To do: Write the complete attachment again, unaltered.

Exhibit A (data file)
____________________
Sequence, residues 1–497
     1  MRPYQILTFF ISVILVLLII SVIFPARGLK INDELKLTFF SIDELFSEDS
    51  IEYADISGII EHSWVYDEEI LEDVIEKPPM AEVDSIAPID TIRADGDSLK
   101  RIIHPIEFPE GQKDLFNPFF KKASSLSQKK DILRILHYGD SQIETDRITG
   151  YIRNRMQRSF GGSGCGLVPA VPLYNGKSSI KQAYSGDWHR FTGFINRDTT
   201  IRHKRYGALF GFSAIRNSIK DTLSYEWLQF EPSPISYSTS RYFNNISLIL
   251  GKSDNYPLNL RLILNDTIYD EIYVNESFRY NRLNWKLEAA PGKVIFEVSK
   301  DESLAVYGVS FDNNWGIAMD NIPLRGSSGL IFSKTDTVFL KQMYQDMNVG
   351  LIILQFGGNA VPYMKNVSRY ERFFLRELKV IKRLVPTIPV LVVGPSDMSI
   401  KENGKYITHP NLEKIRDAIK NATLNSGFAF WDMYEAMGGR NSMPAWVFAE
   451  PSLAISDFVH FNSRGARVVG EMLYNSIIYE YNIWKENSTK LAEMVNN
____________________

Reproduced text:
Sequence, residues 1–497
     1  MRPYQILTFF ISVILVLLII SVIFPARGLK INDELKLTFF SIDELFSEDS
    51  IEYADISGII EHSWVYDEEI LEDVIEKPPM AEVDSIAPID TIRADGDSLK
   101  RIIHPIEFPE GQKDLFNPFF KKASSLSQKK DILRILHYGD SQIETDRITG
   151  YIRNRMQRSF GGSGCGLVPA VPLYNGKSSI KQAYSGDWHR FTGFINRDTT
   201  IRHKRYGALF GFSAIRNSIK DTLSYEWLQF EPSPISYSTS RYFNNISLIL
   251  GKSDNYPLNL RLILNDTIYD EIYVNESFRY NRLNWKLEAA PGKVIFEVSK
   301  DESLAVYGVS FDNNWGIAMD NIPLRGSSGL IFSKTDTVFL KQMYQDMNVG
   351  LIILQFGGNA VPYMKNVSRY ERFFLRELKV IKRLVPTIPV LVVGPSDMSI
   401  KENGKYITHP NLEKIRDAIK NATLNSGFAF WDMYEAMGGR NSMPAWVFAE
   451  PSLAISDFVH FNSRGARVVG EMLYNSIIYE YNIWKENSTK LAEMVNN